4... d6 Now it's a sort of Steinitz Variation (3...d6), albeit a relatively favorable one because White has played d2-d3 rather than d2-d4.
4... Bc5 is much more popular at the super-GM level, and here White's fundamental choice is between taking on c6 and a slower, more patient approach with 5.c3.  )
5. c3
5. O-O immediately is more common at present, though transposition to the text is very possible.  )
5... Be7
5... g6 is another reasonable approach. Think of the Closed Ruy lines, like the Breyer, where Black first develops the bishop to e7, and then plays .. .Re8, ...Bf8, ...g6, and ...Bg7.  )
6. O-O O-O 7. Re1 a6 Not a new move, but varying from another game where Ragger had White.
7... Bd7 8. Nbd2 Re8 9. Nf1 Bf8 10. Ng3 h6 11. h3 a6 12. Ba4 Ne7 13. Bc2 Ng6 14. d4 c5 15. Be3 Rc8 16. Qd2 Qa5 17. dxc5 dxc5 18. Nh5! 1-0 (49) Ragger,M (2686)-Mastrovasilis,D (2603) Vienna 2016  )
8. Ba4 Nd7 A relatively uncommon choice, though this sort of maneuver is typical in many Ruy variations.
8... Re8 looks most popular at preset, chosen by none other than the world champion in a game last year.
9. Nbd2 Bf8 10. h3 Bd7 11. Nf1 Ne7 12. Bc2 c5 13. Ng3 Ng6 14. d4 cxd4 15. cxd4 exd4 16. Qxd4 Rc8 17. Bb3 Ne5 - (49) (49) Topalov,V (2761)-Carlsen,M (2855) Paris 2016 (blitz)  )
8... b5 9. Bc2 d5 is another important line, one Ragger himself has used with mixed success.
10. Nbd2 d4 11. h3 a5 Swiercz,D (2620)-Ragger,M (2698) Berlin 2015 (blitz) (1-0 (44)), and now White should play
...  12. cxd4 exd4 13. a4 with a pleasant edge.  )
9. d4 exd4
9... Bf6 is more popular but less successful.  )
10. cxd4 Nb6 11. Bb3
11. Bxc6 bxc6 hasn't fared well for White in its few outings, but it's too soon to chalk this up to problems with the exchange on c6 rather than the particular details of the relevant games.  )
11... Bg4 12. Nc3 Kh8 The idea of playing ...Kh8 and ...f5 in the Spanish and Italian is well known, though it's less common with such an open center (thanks to ... exd4).
12... Bf6 is thematic, pressuring d4.
13. Be3 g6 14. Qd3 Bxf3 15. gxf3 Bg7 16. Rad1 Kh8 17. f4 Qh4 18. Qe2 Ne7 19. Kh1 d5 20. e5 c6 21. Rg1 f6 22. Bc2 Rae8 23. Rg3 fxe5 24. fxe5 Nf5 25. Kg2 Nc4 26. Rh3 Qe7 27. Bc1 Kg8 28. Kh1 Qe6 29. Rf3 b5 30. b3 Nxd4 31. Rxf8+ Rxf8 32. Rxd4 Qxe5 33. Rd1 Qxe2 34. Nxe2 Rxf2 35. bxc4 Rxe2 36. Bd3 Rxa2 37. cxd5 cxd5 38. Bf1 Ra1 39. Bg2 d4 40. Bd5+ Kh8 41. Re1 Bh6 1/2-1/2 (41) Van Foreest, J (2548)-Short,N (2678) Douglas 2015  )
13. Be3 f5 14. exf5 Bf6?
14... Rxf5 looks scarier than it is:
15. Be6 Bxf3 16. gxf3 Qf8! 17. Bxf5 Qxf5 18. f4 d5 19. Qf3 /+/- Black's compensation for the exchange (mostly in the form of White's fractured kingside) is insufficient.  )
14... d5 was the best choice, keeping White's bishop out of e6. After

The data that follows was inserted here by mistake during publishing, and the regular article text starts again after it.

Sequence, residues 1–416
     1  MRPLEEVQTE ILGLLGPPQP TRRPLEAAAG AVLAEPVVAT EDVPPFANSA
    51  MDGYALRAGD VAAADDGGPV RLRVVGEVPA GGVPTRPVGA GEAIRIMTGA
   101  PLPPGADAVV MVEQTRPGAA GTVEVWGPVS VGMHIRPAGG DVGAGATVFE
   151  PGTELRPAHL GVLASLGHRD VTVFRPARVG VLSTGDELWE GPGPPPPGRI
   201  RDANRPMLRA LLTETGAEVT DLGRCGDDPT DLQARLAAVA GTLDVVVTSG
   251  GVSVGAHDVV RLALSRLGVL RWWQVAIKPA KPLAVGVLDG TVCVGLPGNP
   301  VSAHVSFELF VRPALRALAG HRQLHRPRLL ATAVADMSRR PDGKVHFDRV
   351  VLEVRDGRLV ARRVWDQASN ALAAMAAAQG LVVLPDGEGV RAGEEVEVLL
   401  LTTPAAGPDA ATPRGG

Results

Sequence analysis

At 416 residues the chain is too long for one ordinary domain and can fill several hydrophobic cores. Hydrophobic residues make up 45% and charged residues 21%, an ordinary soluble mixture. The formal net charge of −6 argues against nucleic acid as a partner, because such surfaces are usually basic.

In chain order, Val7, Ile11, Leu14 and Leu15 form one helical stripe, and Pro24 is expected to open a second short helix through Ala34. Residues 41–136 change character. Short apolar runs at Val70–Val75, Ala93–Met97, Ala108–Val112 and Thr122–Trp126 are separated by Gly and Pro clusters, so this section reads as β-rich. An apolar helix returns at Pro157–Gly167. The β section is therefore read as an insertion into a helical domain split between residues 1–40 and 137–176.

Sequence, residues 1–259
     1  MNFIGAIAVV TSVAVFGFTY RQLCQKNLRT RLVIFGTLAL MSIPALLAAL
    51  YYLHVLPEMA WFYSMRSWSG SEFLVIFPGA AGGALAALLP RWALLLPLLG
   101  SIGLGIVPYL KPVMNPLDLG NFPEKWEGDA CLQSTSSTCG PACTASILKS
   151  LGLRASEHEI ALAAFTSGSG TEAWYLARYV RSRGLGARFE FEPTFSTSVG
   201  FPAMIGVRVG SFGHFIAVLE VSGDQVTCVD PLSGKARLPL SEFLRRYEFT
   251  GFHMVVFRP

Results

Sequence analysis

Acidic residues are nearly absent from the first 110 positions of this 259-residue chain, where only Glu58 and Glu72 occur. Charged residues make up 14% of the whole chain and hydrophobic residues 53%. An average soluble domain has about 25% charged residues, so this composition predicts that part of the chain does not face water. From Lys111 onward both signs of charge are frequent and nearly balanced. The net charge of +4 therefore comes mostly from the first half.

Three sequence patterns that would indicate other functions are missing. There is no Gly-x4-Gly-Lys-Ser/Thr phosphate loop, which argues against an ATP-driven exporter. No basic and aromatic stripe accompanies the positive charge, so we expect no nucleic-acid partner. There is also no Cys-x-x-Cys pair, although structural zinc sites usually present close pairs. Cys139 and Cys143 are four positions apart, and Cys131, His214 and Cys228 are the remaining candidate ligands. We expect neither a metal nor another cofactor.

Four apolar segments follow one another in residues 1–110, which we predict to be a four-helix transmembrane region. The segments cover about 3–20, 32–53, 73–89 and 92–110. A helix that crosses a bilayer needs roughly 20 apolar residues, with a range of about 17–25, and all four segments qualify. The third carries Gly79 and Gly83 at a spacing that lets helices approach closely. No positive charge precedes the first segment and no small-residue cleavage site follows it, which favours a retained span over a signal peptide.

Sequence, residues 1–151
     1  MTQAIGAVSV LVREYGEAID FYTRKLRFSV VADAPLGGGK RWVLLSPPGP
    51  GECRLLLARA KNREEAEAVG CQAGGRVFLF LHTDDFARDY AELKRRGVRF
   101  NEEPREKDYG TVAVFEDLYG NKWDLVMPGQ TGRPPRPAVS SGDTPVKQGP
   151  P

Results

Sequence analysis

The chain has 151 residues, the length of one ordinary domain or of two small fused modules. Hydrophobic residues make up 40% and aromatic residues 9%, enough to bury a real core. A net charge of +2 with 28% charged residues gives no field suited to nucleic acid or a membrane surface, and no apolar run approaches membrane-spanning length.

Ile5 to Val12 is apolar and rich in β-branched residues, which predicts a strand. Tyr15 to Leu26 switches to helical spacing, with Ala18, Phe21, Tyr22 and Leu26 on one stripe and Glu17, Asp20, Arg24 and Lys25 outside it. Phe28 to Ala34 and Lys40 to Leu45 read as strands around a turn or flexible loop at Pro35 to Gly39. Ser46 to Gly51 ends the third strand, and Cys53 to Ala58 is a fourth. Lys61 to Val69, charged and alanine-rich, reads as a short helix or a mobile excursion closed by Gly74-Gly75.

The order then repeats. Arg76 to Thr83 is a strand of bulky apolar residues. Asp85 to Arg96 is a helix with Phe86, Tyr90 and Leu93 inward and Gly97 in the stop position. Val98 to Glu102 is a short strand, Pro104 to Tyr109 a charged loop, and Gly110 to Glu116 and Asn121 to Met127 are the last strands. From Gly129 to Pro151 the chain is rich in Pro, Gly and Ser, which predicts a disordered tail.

15. h3 Bxf5 16. Ne5 White's advantage is very slight.  )
15. Ne4 This also exploits Black's failure to play ...d5.
15. Be6! was stronger still.  )
15... Bxf3
15... d5 was still Black's best chance.
16. Nc5 Bxf5 17. Rc1 Bg4 18. Nxb7 Qc8 19. Rxc6 Qxb7 20. Rc1 Be7 21. Bf4!  )
16. Qxf3 Nxd4 17. Bxd4 Bxd4 Material is equal and Black's bishop looks nice. Nevertheless, he is lost. Black has one good piece, and White has four or five: the bishop, the knight, the queen, the f-pawn, the rook on e1 and in a moment the second rook will also join the action. Black's king needs defenders, but if he's not given time for ...Nd7-f6 he won't survive.
18. Rad1! c5
18... Bxb2 allows
19. Nc5! followed by Ne6.  )
19. Qh5 Threatening Ng5, of course, and Rd3 (with the trick Qxh7+ Kxh7 Rh3+ and mate next move) is another problem for Black.
19... h6 20. Qg6
20. f6! is even stronger, but the variations are more difficult.
20... Bxf6 21. Nxd6! Bd4 22. Re6! It's possible that Ragger missed this nice move, threatening mate in two starting with Rxh6+.
22... Qd7 23. Rxd4! cxd4 24. Qe5! Beautiful centralization.
24... Kh7 25. Qe4+ Kh8 26. Bc2 with inevitable mate.  )
20... d5!
20... Qe8 21. Qxd6 Qc6 was Black's "best", but his chances to survive the endgame after
22. Qxc6 bxc6 23. Be6 aren't fantastic.  )
20... Nd7 21. Nxd6 Nf6 22. Nf7+  )
21. f6! The only winning move!
21... Qc7! The best try; again, White has only one winning move.
21... dxe4?? 22. Qxg7#  )
21... gxf6? 22. Qxh6+ Kg8 23. Rd3  )
21... Bxf6 22. Nd6! Other knight moves are also strong, with the same clearance idea.
22... Qxd6 23. Bc2 Kg8 24. Qh7+ Kf7 25. Bg6#  )
21... Rxf6 22. Nxf6 Qxf6 23. Re8+ Rxe8 24. Qxe8+ Kh7 25. Rd2 leaves Black without any compensation for the material. Worse, his king still isn't safe, as White will play Re2, then Bc2+ g6 Re7+.  )
22. Ng5! gxf6
22... hxg5 23. Re7 Bxf2+ 24. Kh1 Qxe7 25. fxe7 Rfe8 26. Rxd5! c4 27. Bc2 Kg8 28. Qe6+ Kh8 29. Rxg5 mates in at most three more moves.  )
22... Bxf2+ 23. Kh1 hxg5 24. Re7 transposes to the last line.  )
23. Qxh6+ Kg8 24. Ne6
24. Ne6 Qh7 25. Qxh7+ Kxh7 26. Nxf8+ Rxf8 27. Re7+ is hopeless for Black.  )


Dennis Monokroussos is a FIDE master who has written about chess on his blog “The Chess Mind,” since 2005. He has been teaching chess for almost 20 years and for the last 10 years has been making instructional chess videos, which can be found at Between 1995 and 2006, he taught philosophy, including a four-year stint at the University of Notre Dame.